How deep is it?  You 'could' basically have a 'raised bed' if you fill it in with compost.  Some towns/cities/etc. have free compost at the landfill.  We have all of the free compost that we want from ground up branches/leaves/bushes/etc.  Compost is darker than regular soil because it is still being consumed so the acidity level will be higher.  In its raw form its not good for things like grass seed but it great for many veggies.  

A 10 * 5 koi pond should be at least a half foot deep.  You can pile up  compost a good 4 or 5 inches above that to get close to a foot deep which 'should' be good for most veggies. 

Get rid of the weeds but don't use chemicals.  Dig it out and start your own compost pile with a pile of weeds.  

Its late in the season to start a garden so you'll have to scramble to find anything to plant.  You won't be planting from seed this late and the pickings at your garden center will be slim but for gosh sakes get the weeds out of the koi pond, track down some compost, fill it in and get those plants PDQ as in right now and put them off to the side till you are ready to plant.  

Nothing better than getting everything in the soil and watching nature take its course.  Doesn't matter if the first crop isn't great.  Its just great to make that connection.

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On 7/8/2021 at 8:46 PM, WDIK2 said:

Especially worried about my jalapeños. The plants look "ok" with some buds, but no peppers. Again, by this time last year I would have picked a couple times. Same source for those plants as last year.

I've been out of town for work quite a bit lately, but took a closer look at my non-producing jalapeno plants yesterday.  Turns out I am growing the worlds largest jalapenos.  :lmao: 

I get most of my plants from a small local nursery.  Their jalapeno plants have been fantastic the last few years.  The old gardener must have been getting into his own supply when he labeled these plants.  So instead of 6 jalapeno plants, I'm growing 6 bell pepper plants.  A little disappointed, but still have to :lmao:,

Need to look up some stuffed bell pepper recipes.  

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On 7/16/2021 at 4:16 PM, dkp993 said:

Still never tried this.  

Oh you have to try 

I slice about 1/4” or so, season with s+p, dip in seasoned egg then Italian bread crumbs and shallow fry in olive oil til golden brown. Usually a side for us with ranch for dipping. 

Really good on a BLT imo

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8 hours ago, STEADYMOBBIN 22 said:

News from the front....

 

Groundhogs everywhere!!!!! 

https://www.rkguns.com/ruger-10-22-22-lr-carbine-rifle-1103-hardwood-stock.html

Here is what my dad uses for groundhogs on his farm.  He rarely misses and hits them out to 150 yards.

https://www.budsgunshop.com/product_info.php/products_id/24162/savage+96709+93r17f+17+hmr+at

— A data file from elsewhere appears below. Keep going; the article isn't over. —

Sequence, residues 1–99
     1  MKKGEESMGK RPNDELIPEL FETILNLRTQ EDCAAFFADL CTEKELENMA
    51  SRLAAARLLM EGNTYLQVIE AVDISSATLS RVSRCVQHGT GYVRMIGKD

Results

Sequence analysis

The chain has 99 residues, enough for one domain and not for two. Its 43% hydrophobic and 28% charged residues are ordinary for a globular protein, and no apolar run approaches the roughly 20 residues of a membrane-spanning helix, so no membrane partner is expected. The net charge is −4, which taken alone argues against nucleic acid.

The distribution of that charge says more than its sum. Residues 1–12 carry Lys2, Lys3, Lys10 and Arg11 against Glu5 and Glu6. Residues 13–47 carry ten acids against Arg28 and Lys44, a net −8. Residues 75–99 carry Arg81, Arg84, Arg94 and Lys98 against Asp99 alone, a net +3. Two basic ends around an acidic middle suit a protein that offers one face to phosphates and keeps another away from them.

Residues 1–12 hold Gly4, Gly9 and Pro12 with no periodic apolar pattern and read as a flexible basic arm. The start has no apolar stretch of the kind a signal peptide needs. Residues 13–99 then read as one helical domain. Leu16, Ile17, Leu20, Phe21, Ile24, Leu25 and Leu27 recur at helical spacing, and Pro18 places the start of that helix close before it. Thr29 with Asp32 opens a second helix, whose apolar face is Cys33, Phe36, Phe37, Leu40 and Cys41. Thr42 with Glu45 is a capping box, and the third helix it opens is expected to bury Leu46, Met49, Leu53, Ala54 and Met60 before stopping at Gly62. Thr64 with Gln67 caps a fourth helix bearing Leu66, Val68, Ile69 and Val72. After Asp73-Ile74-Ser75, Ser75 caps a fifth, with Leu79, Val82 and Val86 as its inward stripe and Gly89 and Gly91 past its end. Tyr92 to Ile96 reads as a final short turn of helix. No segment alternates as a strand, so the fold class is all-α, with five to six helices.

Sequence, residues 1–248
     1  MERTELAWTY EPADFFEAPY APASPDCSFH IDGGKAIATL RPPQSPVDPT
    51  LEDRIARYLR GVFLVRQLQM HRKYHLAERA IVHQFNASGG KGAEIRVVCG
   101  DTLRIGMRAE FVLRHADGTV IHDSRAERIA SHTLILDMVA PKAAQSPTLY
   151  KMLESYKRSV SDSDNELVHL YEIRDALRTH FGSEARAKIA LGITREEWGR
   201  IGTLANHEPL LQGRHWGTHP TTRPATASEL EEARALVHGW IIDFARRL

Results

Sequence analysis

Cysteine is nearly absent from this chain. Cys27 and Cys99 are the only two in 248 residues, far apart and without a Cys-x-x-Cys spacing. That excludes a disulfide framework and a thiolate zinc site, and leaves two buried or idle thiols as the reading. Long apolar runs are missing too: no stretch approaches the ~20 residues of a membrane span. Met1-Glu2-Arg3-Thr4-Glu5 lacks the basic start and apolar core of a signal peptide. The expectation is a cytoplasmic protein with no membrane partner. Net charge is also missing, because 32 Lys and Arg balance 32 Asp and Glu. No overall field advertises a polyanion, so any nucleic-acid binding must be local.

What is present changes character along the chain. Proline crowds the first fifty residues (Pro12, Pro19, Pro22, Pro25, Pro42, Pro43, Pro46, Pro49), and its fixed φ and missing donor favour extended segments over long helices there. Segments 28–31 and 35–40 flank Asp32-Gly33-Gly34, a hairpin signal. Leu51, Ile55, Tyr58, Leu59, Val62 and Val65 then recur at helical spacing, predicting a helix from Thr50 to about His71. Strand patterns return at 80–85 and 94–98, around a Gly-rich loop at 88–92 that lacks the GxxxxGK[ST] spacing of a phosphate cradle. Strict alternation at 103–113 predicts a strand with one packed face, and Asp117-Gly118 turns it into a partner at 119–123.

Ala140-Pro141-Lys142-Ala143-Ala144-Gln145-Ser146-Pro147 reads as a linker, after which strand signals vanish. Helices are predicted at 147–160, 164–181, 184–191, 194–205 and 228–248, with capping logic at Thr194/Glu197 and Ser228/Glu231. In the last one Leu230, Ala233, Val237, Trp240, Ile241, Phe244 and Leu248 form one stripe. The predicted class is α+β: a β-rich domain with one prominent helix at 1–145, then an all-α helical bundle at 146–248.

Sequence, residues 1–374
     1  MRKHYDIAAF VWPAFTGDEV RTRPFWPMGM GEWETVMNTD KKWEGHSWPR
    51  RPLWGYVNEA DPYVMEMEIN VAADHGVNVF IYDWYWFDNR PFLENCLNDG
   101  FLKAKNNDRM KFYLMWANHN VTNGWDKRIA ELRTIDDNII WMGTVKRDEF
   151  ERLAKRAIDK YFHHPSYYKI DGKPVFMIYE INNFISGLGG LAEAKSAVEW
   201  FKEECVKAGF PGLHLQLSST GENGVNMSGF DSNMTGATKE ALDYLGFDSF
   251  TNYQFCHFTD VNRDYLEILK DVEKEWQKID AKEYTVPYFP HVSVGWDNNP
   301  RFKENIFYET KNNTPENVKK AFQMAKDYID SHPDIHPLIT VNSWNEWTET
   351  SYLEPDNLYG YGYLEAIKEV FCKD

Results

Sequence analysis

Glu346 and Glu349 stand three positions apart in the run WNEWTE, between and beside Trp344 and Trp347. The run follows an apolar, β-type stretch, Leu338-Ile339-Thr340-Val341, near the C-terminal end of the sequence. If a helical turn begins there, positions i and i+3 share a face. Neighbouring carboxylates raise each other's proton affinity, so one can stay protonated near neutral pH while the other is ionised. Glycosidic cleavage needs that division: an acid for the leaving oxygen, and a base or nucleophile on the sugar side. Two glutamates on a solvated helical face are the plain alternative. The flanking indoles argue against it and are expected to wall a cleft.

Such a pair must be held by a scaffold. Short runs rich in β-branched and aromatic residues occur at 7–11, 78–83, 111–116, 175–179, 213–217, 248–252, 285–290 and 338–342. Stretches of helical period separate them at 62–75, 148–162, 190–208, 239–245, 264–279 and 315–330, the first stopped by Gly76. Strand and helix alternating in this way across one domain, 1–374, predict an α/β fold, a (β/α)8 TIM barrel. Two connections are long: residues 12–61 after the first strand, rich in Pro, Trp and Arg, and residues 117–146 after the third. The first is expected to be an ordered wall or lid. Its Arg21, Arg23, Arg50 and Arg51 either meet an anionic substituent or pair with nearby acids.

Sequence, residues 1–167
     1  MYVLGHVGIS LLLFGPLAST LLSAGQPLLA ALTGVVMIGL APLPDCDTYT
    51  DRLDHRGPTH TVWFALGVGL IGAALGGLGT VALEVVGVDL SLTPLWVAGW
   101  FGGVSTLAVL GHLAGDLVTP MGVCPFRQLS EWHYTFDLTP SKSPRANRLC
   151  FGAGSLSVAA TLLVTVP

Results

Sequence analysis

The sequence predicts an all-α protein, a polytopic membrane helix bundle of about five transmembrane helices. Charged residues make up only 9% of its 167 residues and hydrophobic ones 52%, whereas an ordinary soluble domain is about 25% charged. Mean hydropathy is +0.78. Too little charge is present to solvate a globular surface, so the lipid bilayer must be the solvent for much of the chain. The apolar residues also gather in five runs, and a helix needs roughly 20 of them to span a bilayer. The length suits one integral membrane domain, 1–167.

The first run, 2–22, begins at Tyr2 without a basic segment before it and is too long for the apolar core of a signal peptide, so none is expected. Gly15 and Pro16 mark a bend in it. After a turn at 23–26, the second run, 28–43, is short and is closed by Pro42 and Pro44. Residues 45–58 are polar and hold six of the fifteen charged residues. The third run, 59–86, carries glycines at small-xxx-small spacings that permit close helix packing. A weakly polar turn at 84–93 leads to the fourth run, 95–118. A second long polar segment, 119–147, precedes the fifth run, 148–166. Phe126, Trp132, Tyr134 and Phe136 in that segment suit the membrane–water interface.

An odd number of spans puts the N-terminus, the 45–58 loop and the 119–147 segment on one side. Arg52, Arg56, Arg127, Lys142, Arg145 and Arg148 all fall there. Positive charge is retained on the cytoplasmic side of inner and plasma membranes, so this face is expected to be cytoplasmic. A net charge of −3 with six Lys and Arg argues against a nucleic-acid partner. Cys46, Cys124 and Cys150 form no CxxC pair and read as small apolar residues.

Edited by bcat01
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44 minutes ago, bcat01 said:

I’ve been actively looking for one of these in the stainless steel version. 

Found one at cheaper than dirt but I don’t want to support them. 

Edited by STEADYMOBBIN 22
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1 hour ago, Cowboysfan8 said:

Zoodles are good too if you haven’t tried them 

Yeah I do this quite a bit.

My wife has a good zucchini bread recipe that she usually does in muffin tins.  They freeze pretty well so we stock up and freeze them in bags of 4 for off-season snacking.

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1 hour ago, heckmanm said:

Yeah I do this quite a bit.

My wife has a good zucchini bread recipe that she usually does in muffin tins.  They freeze pretty well so we stock up and freeze them in bags of 4 for off-season snacking.

I make the bread but never thought to make and freeze muffins 

Thanks for the idea 

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Being overrun w/ tomatoes still.  Made salsa the last two weekends w/ 4.5lb of tomatoes in each batch.  Probably have another 4.5lbs sitting on the counter right now.  

Peppers are also producing well and cucumbers are really coming on.  May need to do some pickles soon.  

Had to pull my zucchini, cut worms got them.  Picked enough green beans to make a nice batch and then pulled them as well.

I love summertime.    

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For the past few years have walked past a garden laden with all sorts of peppers.  Made mental note to add more peppers to the garden.  Finally did it, they are small but coming in. 

Plan is coming to fruition.  Tons of peppers as expected.  Last night made huge pot of chili froze most of it this morning.  When the NFL starts I'll get a huge bag of tortilla chips and nuke a bowl of chili for dipping. 

I don't throw away turkey/chicken carcass' I bag them in the freezer till I have enough to make an enriched turkey/chicken broth.  Simmer it for days in the winter then freeze it.  I also save/freeze huge chunks of ham and turkey from holidays along with my 'special ingredient'. 

I make mango water by putting large sections into container filling it with water and chilling overnight.  Ice-cold mango water, soo good but what  to do with the mangos after soaking?  Chop them up and freeze them, add to soup, chili, and gumbo.  Gives a great taste. 

Will take the, ham, turkey, peppers, mango, and add onions, spices, to make gumbo.

When I have too many tomatoes and peppers, etc  coming from the garden after giving most away I chop them up and put them in a slow cooker to make a veggie base to make soups/chili/etc for the fall and don't run out till spring.